8. Reassure your customers with accreditation.

For diaper services, accreditation has been discussed and desired to set standards that will reassure parents that the diapers delivered to their door are clean and safe. The Diaper Service Accreditation program will be launched at the conference. Participating services share a group discount on lab testing, and they follow strict guidelines. This is a leap forward for the industry. Be there to understand the opportunity for diaper services to advance their own businesses.


9. Learn how you can have a local impact.

Many, many RDIA members have put local incentives and subsidies high on their list of changes needed to increase cloth diaper use. We have heard of programs working elsewhere. The Real Diaper Association, the grassroots charity, has been encouraging local diaper aid programs and supporting the volunteers who make them happen. If you really want the scoop on cloth diaper incentives and subsidies as RDIA launches its own program, you need to hear what RDA is doing.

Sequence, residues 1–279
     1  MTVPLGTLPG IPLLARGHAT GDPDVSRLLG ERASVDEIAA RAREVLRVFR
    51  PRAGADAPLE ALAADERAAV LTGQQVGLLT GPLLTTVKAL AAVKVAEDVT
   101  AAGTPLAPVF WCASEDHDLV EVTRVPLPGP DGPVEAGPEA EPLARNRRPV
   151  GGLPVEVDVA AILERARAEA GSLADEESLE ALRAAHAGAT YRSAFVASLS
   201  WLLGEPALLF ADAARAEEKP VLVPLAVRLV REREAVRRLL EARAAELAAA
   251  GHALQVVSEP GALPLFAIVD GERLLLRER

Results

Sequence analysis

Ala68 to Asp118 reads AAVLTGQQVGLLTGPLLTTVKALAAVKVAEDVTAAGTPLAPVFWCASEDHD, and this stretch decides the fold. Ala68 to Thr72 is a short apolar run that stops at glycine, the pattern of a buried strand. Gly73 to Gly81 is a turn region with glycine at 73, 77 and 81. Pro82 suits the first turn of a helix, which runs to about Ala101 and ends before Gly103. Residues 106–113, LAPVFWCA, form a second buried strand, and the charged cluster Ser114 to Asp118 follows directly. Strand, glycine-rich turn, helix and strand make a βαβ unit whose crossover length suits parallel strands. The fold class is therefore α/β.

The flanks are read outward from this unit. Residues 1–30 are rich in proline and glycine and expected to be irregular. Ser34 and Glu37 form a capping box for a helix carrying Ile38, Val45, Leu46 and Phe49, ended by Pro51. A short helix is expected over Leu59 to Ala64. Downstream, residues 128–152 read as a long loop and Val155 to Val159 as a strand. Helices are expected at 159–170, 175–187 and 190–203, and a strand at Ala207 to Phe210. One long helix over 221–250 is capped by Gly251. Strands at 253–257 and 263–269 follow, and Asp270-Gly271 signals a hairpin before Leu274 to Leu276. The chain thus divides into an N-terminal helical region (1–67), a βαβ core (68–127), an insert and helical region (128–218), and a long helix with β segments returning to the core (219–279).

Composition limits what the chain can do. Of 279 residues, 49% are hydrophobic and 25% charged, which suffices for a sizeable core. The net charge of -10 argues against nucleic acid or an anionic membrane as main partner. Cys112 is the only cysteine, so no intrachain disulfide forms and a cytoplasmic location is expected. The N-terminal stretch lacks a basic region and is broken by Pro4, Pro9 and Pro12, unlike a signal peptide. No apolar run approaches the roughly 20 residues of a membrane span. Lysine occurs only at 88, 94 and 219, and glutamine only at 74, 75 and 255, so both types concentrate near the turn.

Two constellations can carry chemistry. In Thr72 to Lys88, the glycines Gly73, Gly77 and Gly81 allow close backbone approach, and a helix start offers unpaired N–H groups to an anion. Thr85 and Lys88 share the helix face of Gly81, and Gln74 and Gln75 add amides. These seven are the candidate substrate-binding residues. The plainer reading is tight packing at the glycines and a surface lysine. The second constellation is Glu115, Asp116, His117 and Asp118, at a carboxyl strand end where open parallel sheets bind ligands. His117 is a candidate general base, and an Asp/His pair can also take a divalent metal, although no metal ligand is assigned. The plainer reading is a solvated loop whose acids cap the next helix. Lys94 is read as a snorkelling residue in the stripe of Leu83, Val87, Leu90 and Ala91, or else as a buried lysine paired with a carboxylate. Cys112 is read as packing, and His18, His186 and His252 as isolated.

10. Be social with your customers.

Considering our target demographic as an industry, since parents buying diapers generally stay young as we all grow old, you had better know how young parents buy diapers. They are social and mobile, and if you aren’t there with them on social media, they will buy from someone who is. Scared? You should be. Come to the presentation “Don’t DO Social, BE Social” to get ideas on the direction you need to go as your customers change.


Bonus. Take a break.

People in our industry work ridiculous hours. Getting away for two days to think about the big business questions is one thing, but we need some fun, too. Forty of your new best friends will be on the Belle of Louisville, a National Historic Landmark, for dinner and a cruise up the Ohio River. It’s just a three-hour tour, but you can call it a mini vacation. (Was that a “three-hour tour”? Hmm. Just in case, you had better get your house in order. We could be stranded together for the next three seasons with a hilarious cast of characters.)